Install Ada on Your Macintosh OS X

Jon Beck

Last Modified: 8 August 2015

The CS180 Foundations of Computer Science I course at Truman State University uses Ada as the teaching language because it is the best teaching language on the planet. Installing Ada is easy on Windows computers and even easier on Linux computers, but for some reason it’s historically been kind of awkward on Macs. These instructions are intended to help out.

Version

To install Ada on your Mac, you need to know the version number, name, and release date of your operating system. The version number can be found by clicking Apple (top left of the screen) → About This Mac. Once you know the version number, you can use look up the name and release date on Wikipedia.

Download

Go to the sourceforge.net page and click on the link for GNAT_GCC Mac OS X.

In the links on the subsequent page, you need to search for the latest file that applies to your operating system that is named gcc-n.n.n-x86...apple-darwin...tar.bz2 where the ns are digits and the ellipses are more characters. Do not get a file for a later OS X version than you have.

Install

After the file downloads, open a terminal window (do Finder → Applications → Utilities → Terminal.app) and issue the following commands:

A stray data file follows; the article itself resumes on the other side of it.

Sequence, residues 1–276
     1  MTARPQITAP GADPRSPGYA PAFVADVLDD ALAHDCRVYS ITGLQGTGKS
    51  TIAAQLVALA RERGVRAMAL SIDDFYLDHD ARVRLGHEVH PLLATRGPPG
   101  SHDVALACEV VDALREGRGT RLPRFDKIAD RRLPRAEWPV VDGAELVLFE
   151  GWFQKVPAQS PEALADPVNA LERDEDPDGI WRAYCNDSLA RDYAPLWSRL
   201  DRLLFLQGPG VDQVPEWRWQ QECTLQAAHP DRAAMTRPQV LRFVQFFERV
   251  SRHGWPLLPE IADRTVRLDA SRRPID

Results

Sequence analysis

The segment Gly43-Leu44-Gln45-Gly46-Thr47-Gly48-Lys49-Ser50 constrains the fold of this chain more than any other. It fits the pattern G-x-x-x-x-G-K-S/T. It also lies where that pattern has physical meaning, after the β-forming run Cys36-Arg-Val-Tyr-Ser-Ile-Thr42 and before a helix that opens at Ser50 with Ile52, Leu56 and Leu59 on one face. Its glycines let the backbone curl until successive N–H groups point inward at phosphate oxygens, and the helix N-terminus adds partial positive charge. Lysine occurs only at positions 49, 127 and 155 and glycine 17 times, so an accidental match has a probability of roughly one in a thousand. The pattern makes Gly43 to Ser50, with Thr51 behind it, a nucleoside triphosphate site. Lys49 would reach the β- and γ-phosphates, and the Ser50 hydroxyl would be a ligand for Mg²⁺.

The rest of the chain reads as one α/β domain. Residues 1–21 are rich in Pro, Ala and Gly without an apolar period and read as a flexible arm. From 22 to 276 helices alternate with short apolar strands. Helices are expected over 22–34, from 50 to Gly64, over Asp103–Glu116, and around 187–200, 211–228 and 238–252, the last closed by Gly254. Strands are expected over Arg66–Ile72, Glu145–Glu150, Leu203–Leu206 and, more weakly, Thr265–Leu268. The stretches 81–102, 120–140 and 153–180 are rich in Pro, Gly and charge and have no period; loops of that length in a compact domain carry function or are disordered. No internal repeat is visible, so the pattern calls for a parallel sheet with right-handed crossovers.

$ cd /
        $ sudo tar jxvf ~/Downloads/filename
    

where filename is the name of the file that you downloaded.

Install a text editor. I use GNU Emacs but you can also use MacVim or any other text editor.

After the editor is installed, use it to open the file ~/.profile (if the file doesn’t exist, create it). At the bottom of the file, append the line:


            export PATH=/opt/gcc-n.n.n/bin:$PATH
        

where the ns match the version of the file you downloaded. Make sure you terminate the line with a newline (press return), and save the file. At the terminal prompt, do:


            $ . ~/.profile
        

Finish Up

Use the editor to create an Ada .adb file. At the command prompt, use cd to navigate to the directory where the file resides. Enter the command:


          $ gnatmake filename.adb
      

to compile and build the program. If there are errors, use the editor to fix them, save, and try again. If the error message says command not found, then something went wrong with some part of the installation process.

When the file builds without problems, you can run your program with the command:


          $ ./filename
      

Good luck!